As it turns out the Attorney General of the United States of America doesn’t have to do a thing to Montgomery County – Mick Mulvaney already took care of that.
Sessions, speaking Monday at a White House briefing urged “Sanctuary” communities to follow the law or face the loss of DOJ. grants – and hinted at other possible retributions.
County Executive Ike Leggett says Montgomery County doesn’t fall under “Sanctuary” status, but he is aware the DOJ isn’t fond of the county because leaders here do not necessarily cooperate with Homeland Security and ICE when it comes to illegal immigrants. The county will honor detainers and turn over criminal illegal immigrants, but otherwise leaves the immigrant community alone.
When a rape allegedly involving two illegal immigrants occurred recently at Rockville High School, more than 100 people came out to protest the county and the City of Rockville’s stance on illegal immigrants. Never mind the protesters didn’t exactly understand the issue, perpetual Republican gadfly Robin Ficker - fresh from his success in forcing term limits on the county and flush with the puffed up pride of a man who promised not to run for county office but had a change of heart – jumped into politicize the tragedy with his two bits.
Governor Larry Hogan tossed in his four bits and Sessions made it six bits a dollar – all for misunderstanding the issue and making politics out of it stand up and holler.
Question: If it were two white kids charged with rape . . . oh never mind.
Leggett says it amounts to saber rattling and he’s right, but the Director of the Office of Management and Budget, Mick Mulvaney has already guaranteed the screws will be turned on the county – no matter how it reacts to illegal immigrants.
With a plethora of Federal Government agencies calling Montgomery County home and an investment in the county which numbers in the billions of dollars, the county has enjoyed a nearly recession-proof existence for years.
The current administration has, with Mulvaney’s budget cuts, threatened the local lifestyle. While it has nothing to do with immigration, that certainly won’t keep certain eager gadflies from saying, “I told you so. This is why we need to kick out the immigrants.”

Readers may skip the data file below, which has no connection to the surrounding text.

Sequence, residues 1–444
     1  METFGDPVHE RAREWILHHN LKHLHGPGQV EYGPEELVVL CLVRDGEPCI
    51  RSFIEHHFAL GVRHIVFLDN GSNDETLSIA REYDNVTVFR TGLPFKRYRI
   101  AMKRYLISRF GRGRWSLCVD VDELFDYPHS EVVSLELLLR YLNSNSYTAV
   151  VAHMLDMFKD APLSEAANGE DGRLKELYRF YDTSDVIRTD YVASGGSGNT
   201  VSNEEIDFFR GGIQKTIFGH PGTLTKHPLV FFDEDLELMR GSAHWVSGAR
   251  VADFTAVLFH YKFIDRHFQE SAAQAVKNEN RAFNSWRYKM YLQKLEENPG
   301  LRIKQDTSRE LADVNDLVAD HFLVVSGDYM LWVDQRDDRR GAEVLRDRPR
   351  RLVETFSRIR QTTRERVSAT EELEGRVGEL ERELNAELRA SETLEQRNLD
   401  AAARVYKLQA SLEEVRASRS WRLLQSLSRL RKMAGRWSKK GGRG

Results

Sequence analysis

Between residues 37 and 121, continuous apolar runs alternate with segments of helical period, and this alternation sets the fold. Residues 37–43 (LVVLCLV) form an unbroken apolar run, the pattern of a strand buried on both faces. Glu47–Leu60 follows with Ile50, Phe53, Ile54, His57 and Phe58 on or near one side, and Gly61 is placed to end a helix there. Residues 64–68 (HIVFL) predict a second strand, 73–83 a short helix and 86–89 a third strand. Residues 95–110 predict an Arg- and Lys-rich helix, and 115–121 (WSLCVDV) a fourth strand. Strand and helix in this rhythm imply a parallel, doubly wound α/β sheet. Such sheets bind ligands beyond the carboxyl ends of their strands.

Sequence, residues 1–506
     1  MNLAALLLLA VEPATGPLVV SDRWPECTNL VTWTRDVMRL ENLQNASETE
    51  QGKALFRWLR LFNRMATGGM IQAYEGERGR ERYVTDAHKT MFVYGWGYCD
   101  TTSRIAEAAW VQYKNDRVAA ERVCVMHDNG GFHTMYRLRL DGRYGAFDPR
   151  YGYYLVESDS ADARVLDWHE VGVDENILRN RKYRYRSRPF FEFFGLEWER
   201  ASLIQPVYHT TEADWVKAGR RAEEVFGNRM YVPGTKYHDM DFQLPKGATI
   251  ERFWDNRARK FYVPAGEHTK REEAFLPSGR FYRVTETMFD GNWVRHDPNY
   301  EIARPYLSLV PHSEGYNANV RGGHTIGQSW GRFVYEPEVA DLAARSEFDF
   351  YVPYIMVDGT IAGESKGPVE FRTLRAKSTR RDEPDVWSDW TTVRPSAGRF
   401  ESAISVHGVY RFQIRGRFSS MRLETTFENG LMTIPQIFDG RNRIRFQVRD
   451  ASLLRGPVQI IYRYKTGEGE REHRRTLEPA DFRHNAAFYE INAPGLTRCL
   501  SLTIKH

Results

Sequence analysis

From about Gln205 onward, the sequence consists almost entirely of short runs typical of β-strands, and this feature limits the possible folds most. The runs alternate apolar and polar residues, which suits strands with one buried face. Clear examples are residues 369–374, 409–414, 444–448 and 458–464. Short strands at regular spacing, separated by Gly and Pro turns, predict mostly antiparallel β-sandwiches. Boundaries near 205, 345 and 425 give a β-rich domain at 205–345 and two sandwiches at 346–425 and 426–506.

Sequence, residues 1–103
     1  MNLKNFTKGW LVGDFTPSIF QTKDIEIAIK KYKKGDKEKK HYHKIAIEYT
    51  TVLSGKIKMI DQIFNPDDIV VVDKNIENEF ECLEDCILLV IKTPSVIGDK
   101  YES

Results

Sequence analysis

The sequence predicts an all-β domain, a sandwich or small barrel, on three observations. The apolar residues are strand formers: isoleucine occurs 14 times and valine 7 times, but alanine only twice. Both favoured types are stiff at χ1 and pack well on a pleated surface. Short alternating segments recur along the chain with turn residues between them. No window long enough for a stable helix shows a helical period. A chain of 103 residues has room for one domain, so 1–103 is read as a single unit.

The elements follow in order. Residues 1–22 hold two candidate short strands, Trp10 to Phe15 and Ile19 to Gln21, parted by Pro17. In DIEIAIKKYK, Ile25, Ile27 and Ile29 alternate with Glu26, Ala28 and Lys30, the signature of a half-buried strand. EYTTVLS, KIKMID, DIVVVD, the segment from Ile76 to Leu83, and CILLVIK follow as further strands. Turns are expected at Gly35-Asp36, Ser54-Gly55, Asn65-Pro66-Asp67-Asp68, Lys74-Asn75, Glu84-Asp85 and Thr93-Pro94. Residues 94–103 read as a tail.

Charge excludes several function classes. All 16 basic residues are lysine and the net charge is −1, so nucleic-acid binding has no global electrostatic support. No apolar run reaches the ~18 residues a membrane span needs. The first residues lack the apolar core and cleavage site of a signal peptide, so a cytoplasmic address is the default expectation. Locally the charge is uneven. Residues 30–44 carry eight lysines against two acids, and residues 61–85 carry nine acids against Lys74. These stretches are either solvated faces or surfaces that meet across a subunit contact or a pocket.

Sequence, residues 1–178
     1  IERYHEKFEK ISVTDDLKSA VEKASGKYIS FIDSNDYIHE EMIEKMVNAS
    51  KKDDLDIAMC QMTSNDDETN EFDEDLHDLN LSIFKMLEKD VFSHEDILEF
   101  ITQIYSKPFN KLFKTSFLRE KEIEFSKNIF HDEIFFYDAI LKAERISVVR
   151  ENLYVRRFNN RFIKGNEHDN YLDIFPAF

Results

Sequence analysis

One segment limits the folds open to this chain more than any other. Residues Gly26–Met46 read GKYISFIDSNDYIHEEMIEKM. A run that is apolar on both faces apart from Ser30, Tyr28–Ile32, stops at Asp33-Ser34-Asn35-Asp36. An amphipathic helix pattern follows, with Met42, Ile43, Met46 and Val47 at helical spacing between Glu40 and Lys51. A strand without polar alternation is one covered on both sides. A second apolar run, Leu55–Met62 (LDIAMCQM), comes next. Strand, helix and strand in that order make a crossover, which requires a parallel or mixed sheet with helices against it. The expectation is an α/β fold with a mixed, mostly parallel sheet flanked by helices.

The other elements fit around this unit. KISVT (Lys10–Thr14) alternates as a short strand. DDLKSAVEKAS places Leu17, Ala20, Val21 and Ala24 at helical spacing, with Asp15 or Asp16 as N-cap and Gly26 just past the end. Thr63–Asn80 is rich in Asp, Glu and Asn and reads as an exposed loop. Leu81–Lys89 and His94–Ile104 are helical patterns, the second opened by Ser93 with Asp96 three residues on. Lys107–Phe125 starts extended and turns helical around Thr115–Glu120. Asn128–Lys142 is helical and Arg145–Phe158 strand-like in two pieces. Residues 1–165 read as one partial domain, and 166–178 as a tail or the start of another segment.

The fear of a shrinking wallet is a powerful motivator. Hopefully a majority of voters in the county will overcome the desire to dash like lemmings into the sea of fear.
But the budget side of this story is very real. NOAA, NIH, FDA, NIST and NASA all have offices in either Prince George’s or Montgomery County.
“People are already worried,” Leggett said Tuesday. “Cuts across the board that seem minor to the entire country could have a great impact locally.”
Leggett is right. But Mulvaney’s budget isn’t just bad for Montgomery County, it could be devastating for the country.
According to Congressman Jamie Raskin’s office, the NIH is looking at a budget reduction of about 5.8 billion dollars. Part of that budget reduction includes “eliminating the Fogarty International Center.”
According to the Fogarty website, the center researches Ebola, Zika and HIV/AIDS. In addition, “These scientists, with collaborators in more than 24 countries, have produced research used to guide domestic and international policy in the development of countermeasures for potential bio-terror agents and public health measures to control the spread of infectious diseases.”
So, not only does the middle-class (what’s left of it anyway) take a hit in the county, but the worldwide effect will be fewer scientists working on the Ebola and Zika viruses and fewer people trying to find solutions to bio-terrorism.
Tuesday Spicer said government agencies should use “all available” science moving forward.
Though I tried to budge him on the issue, he never acknowledged the obvious: all available science moving forward will be sorely lacking in relevance if you cut research.
That’s the repercussion of the president’s proposed budget as presented by Mick Mulvaney.
Close to home it is even scarier – as Leggett said – with billions invested in this county any federal cuts to domestic programs will hit Montgomery and Prince George’s County hard. How hard remains to be seen, but the worrying has begun and so has the political jockeying for position as we wait for fallout.
There is some push back on The Hill, but for the thousands of residents who live in Maryland and work for the federal government, the next few months are going to be dominated by angst as Congress tries to wrangle with a federal budget that has the potential of devastating the local economy.